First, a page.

I can still remember the first time I heard about mass murder.

I was six years old in the summer of 1984, and I was in the living room as my family watched the NBC Nightly News and saw a story about a man who walked into a McDonald’s restaurant in San Ysidro, California and began opening figure with an assault rifle, killing twenty-one people before he was killed by police. I remember thinking how awful it would be to go into McDonald’s to have a Happy Meal, only to have that meal be my last one.

I couldn’t figure out why this man decided to take so many lives. I didn’t understand how he could get his hands on guns. I couldn’t comprehend how somebody could be so cruel or so crazy. Why? Why did this have to happen? Why couldn’t this be stopped? My family was Christian, and I couldn’t figure out why God would allow this to happen. Didn’t God love the people who were killed? Why didn’t he reach in to save their lives? Why couldn’t he jam the killer’s gun?

I couldn’t understand how people could be so nasty, so violent. Why was there so much violence in this country and in this world? Why couldn’t people be nicer and kinder to each other?

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To this very day, I cannot go past a McDonald’s without thinking about the San Ysidro shooting. I hate the fact that my mind flashes back to this incident, but I can’t control it.

Two years later, I was in the living room again with my family when a story came on about a postal worker in Oklahoma who shot up a post office and killed fourteen people before he killed himself. I couldn’t figure out why the government hadn’t taken steps to stop another mass shooting from happening, after what had happened at the San Ysidro McDonald’s two years before. I couldn’t figure out why another crazy man had been allowed to gain access to a gun. What was going on? Why was this allowed to happen again?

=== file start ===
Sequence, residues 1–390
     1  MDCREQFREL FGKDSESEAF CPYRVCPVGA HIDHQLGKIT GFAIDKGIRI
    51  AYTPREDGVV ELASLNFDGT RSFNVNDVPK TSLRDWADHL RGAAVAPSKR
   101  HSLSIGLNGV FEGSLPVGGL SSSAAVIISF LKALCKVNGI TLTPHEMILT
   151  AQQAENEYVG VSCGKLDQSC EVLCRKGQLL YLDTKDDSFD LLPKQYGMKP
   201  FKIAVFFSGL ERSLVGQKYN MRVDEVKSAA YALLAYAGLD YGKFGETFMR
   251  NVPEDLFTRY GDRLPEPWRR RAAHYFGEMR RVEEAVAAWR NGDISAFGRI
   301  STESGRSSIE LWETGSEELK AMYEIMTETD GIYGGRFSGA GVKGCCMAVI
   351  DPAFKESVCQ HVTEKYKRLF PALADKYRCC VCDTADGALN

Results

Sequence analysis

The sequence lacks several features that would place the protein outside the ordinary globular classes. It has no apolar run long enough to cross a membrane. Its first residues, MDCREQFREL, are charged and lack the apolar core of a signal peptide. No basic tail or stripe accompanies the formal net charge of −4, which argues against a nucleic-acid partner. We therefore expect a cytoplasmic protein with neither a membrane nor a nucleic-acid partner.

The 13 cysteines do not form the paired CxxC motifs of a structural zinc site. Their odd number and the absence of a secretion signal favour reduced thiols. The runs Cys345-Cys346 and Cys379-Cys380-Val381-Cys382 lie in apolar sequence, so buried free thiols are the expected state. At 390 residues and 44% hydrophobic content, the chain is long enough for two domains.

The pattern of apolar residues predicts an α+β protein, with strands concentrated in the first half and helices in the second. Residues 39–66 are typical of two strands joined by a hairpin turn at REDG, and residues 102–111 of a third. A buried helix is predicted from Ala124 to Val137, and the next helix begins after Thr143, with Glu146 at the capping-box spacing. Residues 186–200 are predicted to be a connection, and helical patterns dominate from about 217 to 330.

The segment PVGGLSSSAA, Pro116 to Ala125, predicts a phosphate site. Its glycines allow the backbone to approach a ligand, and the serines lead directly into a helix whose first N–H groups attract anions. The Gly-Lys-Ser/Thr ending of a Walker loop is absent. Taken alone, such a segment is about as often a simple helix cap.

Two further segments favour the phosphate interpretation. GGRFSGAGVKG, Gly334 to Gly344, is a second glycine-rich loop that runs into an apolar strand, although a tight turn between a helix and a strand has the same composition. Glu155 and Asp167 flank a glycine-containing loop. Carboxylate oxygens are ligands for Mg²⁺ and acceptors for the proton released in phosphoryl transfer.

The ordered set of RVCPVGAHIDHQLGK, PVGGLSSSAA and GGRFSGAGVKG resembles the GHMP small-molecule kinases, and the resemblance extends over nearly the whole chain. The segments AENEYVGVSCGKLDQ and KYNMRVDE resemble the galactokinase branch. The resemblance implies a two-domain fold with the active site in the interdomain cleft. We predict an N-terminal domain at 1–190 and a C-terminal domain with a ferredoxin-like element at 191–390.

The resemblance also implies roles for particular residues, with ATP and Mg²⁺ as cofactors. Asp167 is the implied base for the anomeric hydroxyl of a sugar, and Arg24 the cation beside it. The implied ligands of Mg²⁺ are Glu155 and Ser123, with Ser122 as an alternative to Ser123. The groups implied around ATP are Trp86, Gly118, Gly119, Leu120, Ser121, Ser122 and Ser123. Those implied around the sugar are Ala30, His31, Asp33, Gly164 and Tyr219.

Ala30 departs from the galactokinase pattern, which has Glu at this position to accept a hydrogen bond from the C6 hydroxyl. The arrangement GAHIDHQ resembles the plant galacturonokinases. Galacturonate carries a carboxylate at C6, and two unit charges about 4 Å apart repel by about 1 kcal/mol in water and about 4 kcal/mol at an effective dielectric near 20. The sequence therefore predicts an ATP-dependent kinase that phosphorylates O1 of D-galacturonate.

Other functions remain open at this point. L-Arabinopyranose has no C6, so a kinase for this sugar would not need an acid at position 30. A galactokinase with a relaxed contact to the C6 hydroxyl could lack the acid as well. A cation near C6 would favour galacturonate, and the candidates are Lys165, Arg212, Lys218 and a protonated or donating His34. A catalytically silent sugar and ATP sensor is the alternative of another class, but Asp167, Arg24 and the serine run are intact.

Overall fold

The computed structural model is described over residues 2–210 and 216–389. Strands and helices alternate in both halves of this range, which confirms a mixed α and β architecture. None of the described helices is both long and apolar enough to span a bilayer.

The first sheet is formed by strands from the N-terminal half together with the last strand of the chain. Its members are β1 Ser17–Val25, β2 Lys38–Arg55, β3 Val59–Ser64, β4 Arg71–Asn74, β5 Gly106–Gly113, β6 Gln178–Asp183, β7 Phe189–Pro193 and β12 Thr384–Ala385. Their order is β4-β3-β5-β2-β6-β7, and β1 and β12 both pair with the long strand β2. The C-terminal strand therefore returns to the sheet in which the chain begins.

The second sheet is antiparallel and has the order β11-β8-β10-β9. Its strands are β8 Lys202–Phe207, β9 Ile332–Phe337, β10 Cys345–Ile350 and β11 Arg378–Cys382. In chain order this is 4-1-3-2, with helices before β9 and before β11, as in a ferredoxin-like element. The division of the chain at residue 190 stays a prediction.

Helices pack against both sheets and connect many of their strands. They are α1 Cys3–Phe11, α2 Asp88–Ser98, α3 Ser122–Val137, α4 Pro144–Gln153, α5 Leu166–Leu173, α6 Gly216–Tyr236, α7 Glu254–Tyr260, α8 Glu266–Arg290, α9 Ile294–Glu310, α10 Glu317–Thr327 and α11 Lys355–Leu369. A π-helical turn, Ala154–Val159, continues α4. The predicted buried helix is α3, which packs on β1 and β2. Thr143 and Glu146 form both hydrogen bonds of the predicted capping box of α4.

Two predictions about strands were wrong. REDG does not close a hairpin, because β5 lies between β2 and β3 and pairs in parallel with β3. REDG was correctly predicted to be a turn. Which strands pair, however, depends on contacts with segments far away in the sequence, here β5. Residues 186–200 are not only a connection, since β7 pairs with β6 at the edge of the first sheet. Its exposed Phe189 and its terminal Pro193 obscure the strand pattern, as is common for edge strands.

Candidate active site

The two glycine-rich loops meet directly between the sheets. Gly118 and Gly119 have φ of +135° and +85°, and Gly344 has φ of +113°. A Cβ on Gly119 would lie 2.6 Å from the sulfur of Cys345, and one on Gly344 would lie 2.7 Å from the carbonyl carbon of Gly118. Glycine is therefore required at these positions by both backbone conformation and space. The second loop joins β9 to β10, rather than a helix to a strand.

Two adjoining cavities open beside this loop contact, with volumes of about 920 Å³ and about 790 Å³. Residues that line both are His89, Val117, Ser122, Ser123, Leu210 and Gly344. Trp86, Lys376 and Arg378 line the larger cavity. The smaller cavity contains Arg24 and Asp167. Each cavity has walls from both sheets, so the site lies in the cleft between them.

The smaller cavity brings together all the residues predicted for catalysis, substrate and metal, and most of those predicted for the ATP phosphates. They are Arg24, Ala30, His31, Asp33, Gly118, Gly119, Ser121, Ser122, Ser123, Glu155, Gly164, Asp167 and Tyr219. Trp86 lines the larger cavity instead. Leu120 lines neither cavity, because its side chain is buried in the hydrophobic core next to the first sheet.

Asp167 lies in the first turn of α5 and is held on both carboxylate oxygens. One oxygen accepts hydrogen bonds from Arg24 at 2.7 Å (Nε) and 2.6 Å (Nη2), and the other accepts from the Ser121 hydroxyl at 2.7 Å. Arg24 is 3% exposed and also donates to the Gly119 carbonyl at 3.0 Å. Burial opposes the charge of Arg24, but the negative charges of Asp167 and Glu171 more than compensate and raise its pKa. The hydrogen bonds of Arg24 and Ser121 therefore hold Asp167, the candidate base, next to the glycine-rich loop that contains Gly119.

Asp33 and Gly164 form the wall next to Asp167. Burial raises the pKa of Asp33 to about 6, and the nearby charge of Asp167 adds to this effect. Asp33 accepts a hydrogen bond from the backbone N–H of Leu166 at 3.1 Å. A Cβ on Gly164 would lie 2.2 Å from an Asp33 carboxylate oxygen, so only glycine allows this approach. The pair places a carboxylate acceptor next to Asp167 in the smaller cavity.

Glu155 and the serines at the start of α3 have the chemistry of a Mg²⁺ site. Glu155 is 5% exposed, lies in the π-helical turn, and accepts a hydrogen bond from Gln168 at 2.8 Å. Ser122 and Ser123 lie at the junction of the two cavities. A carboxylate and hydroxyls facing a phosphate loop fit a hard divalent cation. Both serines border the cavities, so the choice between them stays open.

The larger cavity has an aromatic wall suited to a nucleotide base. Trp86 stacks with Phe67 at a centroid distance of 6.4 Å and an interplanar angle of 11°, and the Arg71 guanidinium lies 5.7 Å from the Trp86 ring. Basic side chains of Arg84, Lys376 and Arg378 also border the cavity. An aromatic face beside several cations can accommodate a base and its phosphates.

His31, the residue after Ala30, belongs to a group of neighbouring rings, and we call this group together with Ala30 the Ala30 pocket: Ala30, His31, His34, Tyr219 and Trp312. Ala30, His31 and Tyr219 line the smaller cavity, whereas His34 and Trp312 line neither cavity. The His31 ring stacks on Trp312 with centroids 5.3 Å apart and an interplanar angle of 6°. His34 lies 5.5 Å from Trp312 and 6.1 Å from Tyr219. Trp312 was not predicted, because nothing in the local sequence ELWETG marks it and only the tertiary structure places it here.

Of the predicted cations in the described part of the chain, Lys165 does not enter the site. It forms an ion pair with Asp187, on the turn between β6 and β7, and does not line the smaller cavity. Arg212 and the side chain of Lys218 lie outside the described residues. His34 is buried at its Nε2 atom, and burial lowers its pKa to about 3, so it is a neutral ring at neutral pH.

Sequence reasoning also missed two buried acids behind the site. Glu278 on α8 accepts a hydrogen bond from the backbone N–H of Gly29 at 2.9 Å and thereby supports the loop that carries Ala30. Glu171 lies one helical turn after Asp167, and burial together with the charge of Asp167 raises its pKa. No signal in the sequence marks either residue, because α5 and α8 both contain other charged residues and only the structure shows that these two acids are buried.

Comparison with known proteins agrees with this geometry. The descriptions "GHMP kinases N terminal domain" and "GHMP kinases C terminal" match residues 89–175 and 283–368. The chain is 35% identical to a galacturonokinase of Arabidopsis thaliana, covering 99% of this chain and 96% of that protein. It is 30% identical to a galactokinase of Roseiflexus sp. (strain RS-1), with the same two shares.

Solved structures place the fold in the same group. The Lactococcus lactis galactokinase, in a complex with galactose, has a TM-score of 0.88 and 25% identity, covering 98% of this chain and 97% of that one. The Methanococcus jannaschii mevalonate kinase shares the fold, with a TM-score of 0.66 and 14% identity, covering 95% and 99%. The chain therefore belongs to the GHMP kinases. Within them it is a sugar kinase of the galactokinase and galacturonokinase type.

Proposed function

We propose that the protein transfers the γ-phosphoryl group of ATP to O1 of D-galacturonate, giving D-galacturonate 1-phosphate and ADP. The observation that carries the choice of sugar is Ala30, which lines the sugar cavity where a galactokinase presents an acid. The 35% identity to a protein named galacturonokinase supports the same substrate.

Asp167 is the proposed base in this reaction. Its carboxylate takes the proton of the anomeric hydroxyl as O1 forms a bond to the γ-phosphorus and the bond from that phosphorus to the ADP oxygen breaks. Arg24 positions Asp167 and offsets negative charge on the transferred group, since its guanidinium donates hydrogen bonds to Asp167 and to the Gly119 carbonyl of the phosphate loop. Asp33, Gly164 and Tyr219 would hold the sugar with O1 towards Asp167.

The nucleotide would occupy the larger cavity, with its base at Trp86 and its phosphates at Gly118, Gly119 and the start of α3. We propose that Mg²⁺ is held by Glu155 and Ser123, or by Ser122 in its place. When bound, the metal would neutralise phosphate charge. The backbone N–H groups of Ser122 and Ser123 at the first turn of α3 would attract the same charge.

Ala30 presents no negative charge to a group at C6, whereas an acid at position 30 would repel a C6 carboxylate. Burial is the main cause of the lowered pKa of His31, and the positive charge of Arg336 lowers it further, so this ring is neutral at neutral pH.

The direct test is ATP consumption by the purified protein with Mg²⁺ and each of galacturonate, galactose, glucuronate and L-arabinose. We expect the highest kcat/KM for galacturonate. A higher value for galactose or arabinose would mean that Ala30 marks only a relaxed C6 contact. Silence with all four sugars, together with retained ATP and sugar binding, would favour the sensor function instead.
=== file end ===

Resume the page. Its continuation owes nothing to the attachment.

Two years after that, my heart–and the hearts of so many residents, black and white, in racially divided Boston–broke upon hearing of the death of Tiffany Moore, a 12-year-old girl who was caught in the crossfire of a gang shootout while playing with her friends. Did no one care about the guns? Did no one care about disarming the violent young men who were taking innocent lives, with weapons they should not have had access to?

Just five months after Tiffany Moore was shot to death on the streets of Boston, more children died as a result of unchecked gun violence, this time on the streets of Stockton, California:

A young drifter dressed in military fatigues opened fire with a semiautomatic rifle at children playing outside and others inside an elementary school today. Five children between 6 and 9 years old, all of them refugees from Southeast Asia, were killed and more than 30 people were wounded, about half of them critically, before the gunman shot himself to death.

The gunman, 24-year-old Patrick West, originally of Stockton, had an ”extensive criminal history” but the police had ”no idea” of a motive, said Lucian Neely, a Deputy Police Chief in this agricultural city 65 miles east of San Francisco.

”He was just standing there with a gun, making wide sweeps,” said Lori Mackey, who teaches deaf children at the Cleveland Elementary School.

She said she ran to her classroom window when she heard what she thought were firecrackers, and saw a man standing in the schoolyard, spraying gunfire from what turned out to be a Russian-designed AK-47 rifle. There were 400 to 500 pupils from the first to third grades playing at the noontime recess…

Mr. West, who sometimes used the name Patrick E. Purdy, had lived most recently in Lodi, about 15 miles northeast of here. Before that he lived in Sandy, Ore., a small town 25 miles southeast of Portland, where he purchased the AK-47 on Aug. 3., said Police Chief Fred Punzel of Sandy…

The gunman, dressed in battle gear and wearing a flak jacket, parked his car near the school, then set it on fire before entering the school grounds through a gap in a fence at about 11:40 A.M. He had two handguns and the AK-47, the police said.

As MSNBC’s Rachel Maddow and CBS’s Lee Cowan have noted, the 1989 Stockton school massacre led to the United States temporarily coming to its senses on gun violence, only to revert to the wingnuttery that has stalled comprehensive federal gun reform–wingnuttery that bears direct responsibility for the coast-to-coast bloodshed that has sent so many Americans to early graves. Why did we lose our senses on gun violence? Why wasn’t our culture changed by that carnage in California? Why didn’t we care about human lives? Why didn’t we insist on the most aggressive efforts possible to dismantle the machinery of death?

Two and a half years after the slaughter in Stockton, another incident of mass violence caused me to lose faith in humanity.

(NEXT: Torment in Texas.)

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D.R. Tucker

D. R. Tucker is a Massachusetts-based journalist who has served as the weekend contributor for the Washington Monthly since May 2014. He has also written for the Huffington Post, the Washington Spectator, the Metrowest Daily News, investigative journalist Brad Friedman's Brad Blog and environmental journalist Peter Sinclair's Climate Crocks.